The Water (and Does It Drain in the Opposite Direction?)

Water in New Zealand is plentiful. The snow on the mountain ranges that slice through the country northeast-to-southwest ensure a year-round supply. On our travel through the South Island, we saw countless snow-covered mountains. I wondered if it were ever possible to suffer a drought here.

Christchurch’s water supply is fed by aquifers under the city. Here, the water is pure enough to drink untreated, though routinely monitored. I’m betting the water becomes purified as it makes its way down from the mountains and through layers of soil and sediment. It tastes very clean and is the best-tasting water I’ve ever had. The water in the Pacific Northwest generally tastes good, too, but occasionally you detect off-flavors from chlorine treatment. The glacial melt is clean enough that we were encouraged to fill our water bottles in a melting stream on Franz Josef glacier.

So, does the water drain in the clockwise direction in the Southern hemisphere? Actually, the answer to that wasn’t so straightforward at first. The toilets here release tremendous amounts of water with relatively high water pressures that all you see is a lot of splashing. So we had to resort to draining a wash basin, which wasn’t conclusive. A little bit of research revealed that this is an old wives’ tale; the Coriolis force is not observable in a small experiment like draining a sink; it is simply too weak. It applies to much larger phenomena, like vast ocean currents or a storm system, where the Coriolis effect is much easier to see. People still claim that they can see the water draining clockwise—and counter-clockwise.

Mt. Cook National Park (NZ)

At a viewing area along State Highway 80, where the tour bus made a temporary stop, there was a breathtaking vista of a portion of the Southern Alps. Without a doubt, the snow cover made for a most dramatic effect.

The tallest peak is Mount Cook (Aoraki, in Maori), the highest in all of New Zealand, which distinction makes it a favorite destination for mountain climbers, the most famous having been Sir Edmund Hillary, a native Kiwi.

We made a brief stop at Mount Cook National Park to have lunch and admire the scenery, though any views of Mount Cook could not be equalled by what we saw earlier. Still, from the Hermitage Hotel, you could get a glimpse of this towering mountain, one of over 140 peaks in the park and a large number of glaciers. At this time of year, only the cafeteria was open for lunch. On the exit door, a sign read: “Please do not feed the kea.”

Mount Cook from the Hermitage Hotel

Our attempts to take a short hike along some the tracks near the hotel were thwarted by snow cover, except for one. Outside, the most beautiful and delicate ice crystals formed on the plants.

Ice crystals formed delicate patterns on the leaves of plants

The park would certainly be worth a return visit when the weather is nicer.

Milford Sound (NZ)

From Queenstown, it took the bus tour four hours to get to Milford Sound, reputedly the most visited tourist spot in all of New Zealand. The boat cruise, once we got there, lasted almost two hours, by which time we got a closer look at the majestic fjords that can tower out of the water almost 4,000 feet high. Unless you plan to spend the night at one of the very few accommodations there, this is all the time you can afford before boarding the bus to return. And herein lies the problem with these organized tours—the lack of freedom to explore, to linger and ponder the majesty of these geologic wonders.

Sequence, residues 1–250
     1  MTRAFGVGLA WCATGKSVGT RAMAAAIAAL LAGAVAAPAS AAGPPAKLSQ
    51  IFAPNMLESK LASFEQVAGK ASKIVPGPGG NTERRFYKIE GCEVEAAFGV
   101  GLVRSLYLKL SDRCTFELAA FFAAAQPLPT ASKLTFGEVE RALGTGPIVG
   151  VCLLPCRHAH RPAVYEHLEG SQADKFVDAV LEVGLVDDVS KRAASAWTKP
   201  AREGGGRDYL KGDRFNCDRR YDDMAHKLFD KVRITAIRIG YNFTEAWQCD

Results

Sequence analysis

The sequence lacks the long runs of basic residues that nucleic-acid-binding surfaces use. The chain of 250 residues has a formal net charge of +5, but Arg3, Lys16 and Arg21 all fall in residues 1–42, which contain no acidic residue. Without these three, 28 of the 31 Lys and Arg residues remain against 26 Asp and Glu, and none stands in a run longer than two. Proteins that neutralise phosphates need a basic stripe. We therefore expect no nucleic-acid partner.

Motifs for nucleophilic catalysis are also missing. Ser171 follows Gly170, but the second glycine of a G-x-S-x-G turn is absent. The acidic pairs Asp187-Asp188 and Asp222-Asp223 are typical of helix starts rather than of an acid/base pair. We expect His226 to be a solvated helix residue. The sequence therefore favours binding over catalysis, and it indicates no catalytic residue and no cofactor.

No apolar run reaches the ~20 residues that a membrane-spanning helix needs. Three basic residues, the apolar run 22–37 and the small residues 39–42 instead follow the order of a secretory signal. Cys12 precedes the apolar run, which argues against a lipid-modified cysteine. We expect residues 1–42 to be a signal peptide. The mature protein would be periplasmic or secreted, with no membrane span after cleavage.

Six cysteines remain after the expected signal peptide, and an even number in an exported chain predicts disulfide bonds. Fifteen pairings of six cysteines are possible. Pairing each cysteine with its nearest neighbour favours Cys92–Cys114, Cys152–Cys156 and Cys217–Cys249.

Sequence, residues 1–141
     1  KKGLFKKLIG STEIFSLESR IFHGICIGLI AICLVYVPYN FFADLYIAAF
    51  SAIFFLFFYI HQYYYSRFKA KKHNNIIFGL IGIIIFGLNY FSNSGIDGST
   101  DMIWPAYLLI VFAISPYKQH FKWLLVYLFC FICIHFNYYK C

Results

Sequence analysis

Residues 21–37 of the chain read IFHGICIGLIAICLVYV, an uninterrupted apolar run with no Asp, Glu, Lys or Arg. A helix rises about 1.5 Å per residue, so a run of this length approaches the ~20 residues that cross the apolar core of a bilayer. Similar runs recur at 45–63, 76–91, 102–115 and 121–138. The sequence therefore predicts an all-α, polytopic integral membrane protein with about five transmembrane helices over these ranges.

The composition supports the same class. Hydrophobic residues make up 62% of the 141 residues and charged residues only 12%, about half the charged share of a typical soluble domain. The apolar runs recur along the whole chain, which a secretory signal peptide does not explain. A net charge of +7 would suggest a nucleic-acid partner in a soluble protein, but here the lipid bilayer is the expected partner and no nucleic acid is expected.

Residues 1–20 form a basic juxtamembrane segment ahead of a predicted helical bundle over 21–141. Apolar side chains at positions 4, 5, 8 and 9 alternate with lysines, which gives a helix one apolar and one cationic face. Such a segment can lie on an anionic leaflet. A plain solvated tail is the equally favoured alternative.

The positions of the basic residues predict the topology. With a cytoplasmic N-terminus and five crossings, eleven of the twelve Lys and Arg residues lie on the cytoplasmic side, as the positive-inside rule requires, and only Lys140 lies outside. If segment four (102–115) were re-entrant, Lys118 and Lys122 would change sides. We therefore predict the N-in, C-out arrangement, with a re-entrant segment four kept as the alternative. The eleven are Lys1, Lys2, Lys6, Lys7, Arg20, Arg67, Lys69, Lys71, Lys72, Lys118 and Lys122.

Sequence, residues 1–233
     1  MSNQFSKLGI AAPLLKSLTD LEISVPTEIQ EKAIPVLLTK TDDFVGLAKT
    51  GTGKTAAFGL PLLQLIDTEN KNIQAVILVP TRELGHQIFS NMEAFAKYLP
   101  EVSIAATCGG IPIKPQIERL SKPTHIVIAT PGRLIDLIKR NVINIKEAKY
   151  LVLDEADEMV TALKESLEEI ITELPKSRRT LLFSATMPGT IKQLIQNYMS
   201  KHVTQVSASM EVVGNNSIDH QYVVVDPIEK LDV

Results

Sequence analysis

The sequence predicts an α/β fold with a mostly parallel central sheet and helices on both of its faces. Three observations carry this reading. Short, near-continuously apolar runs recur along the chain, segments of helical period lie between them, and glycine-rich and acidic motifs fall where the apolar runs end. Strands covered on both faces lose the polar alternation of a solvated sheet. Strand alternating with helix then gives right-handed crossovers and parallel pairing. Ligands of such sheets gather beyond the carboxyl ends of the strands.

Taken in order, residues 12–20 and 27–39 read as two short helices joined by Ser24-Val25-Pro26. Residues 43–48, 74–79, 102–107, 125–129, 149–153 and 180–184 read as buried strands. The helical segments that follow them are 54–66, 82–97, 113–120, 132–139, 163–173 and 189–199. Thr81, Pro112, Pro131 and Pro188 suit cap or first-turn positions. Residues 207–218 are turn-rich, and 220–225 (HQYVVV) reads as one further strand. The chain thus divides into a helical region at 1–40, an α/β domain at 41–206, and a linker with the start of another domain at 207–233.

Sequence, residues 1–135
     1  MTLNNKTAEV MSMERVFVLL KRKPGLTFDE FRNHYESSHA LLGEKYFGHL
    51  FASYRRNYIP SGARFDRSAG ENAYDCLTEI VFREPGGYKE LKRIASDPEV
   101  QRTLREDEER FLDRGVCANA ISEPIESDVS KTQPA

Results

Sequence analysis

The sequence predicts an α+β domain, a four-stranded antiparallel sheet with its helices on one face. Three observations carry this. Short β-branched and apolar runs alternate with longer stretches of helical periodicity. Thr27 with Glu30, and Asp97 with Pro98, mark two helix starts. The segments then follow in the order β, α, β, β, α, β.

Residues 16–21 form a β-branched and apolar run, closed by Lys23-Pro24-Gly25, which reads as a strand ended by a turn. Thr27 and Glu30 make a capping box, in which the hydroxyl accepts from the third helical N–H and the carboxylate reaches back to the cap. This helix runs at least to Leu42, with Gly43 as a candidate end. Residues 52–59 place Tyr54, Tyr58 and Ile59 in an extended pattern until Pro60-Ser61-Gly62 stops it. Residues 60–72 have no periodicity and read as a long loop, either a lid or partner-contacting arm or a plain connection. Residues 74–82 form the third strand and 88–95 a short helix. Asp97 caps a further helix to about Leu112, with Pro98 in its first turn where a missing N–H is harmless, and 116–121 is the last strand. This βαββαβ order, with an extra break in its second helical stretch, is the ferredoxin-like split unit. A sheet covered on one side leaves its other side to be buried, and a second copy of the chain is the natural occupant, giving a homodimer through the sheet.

Since it was winter, the sun hung low above the horizon and the peaks lay mostly in shadow. As the boat turned and positioned the sun to angle behind Mitre Peak, the effect was magical as if glimpsing a scene from The Lord of the Rings.

If you happen to arrive when it’s raining, which here at the wettest spot in NZ is quite often, you will obviously not be fortunate enough to experience Milford Sound in its picture-perfect pose, but you will be rewarded with perhaps a more spectacular sight—the production of hundreds of temporary waterfalls that come cascading down the cliff faces, as the following YouTube video shows:


Milford Sound and the vast area known as Fiordland surrounding it got their present form from repeated advances and retreats of glaciers that left enormous swaths of deep valleys in their wake. To the north are still the popularly visited Fox and Franz Josef glaciers. An aerial tour would provide the most spectacular visual evidence of the scale of geologic forces that have been at work to create this remarkable area.

We reluctantly boarded the bus for another 4-hour ride, but not before briefly entertaining an offer by an air tour operator for seats at half-price to fill vacancies. At $250 per person, we boarded the bus instead.

Lake Wanaka (NZ)

From Franz Josef, we hopped on another all-day bus ride to Lake Wanaka, a resort area that serves as the gateway to Mt Aspiring National Park. With an afternoon arrival, it was all we could do to check in to our hotel (Oakridge Resort Grand Mercure) and walk into town before sunset. It was the quiet season here since most outdoor activities take place when the weather isn’t so cold.

Glacial lakes are abundant in New Zealand. Situated in a broad valley carved out by a glacier during the last Ice Age and flanked by mountains on two sides, some over 6,000 feet above sea level, Lake Wanaka is the fourth largest lake in the country. On the day following our arrival, we took a private boat tour to Mou Waho, one of the islands in the lake, a nature reserve with a hiking trail to Tyrwhitt Peak. Along the way, our guide described the flora and fauna of the island, frequently pointing out many of the native plants, including the manuka bush, source of the prized honey. During tea break, a buff weka, one of the endemic ratites of NZ, approached us as our guide predicted it would.

A buff weka approached us during tea

With less than 24 hours to spend in Wanaka, we had to board another bus to Queenstown.

Lake Wanaka after sunset

Low-Salt Diet?

Salty foods are a rarity in New Zealand. It is almost certain that anything served here will not be salty. In fact, to an average American, the food could quite possibly seem under-seasoned. It’s more likely that a dish will be slightly sweet, as this was our impression of many dishes. A meat lasagne, for example, was topped with a sweet tomato sauce, a little off-putting for me who prefers a more zesty, spicy and seasoned sauce. Incidentally, the saltiest foods we had in NZ were served in Asian restaurants.

Franz Josef Glacier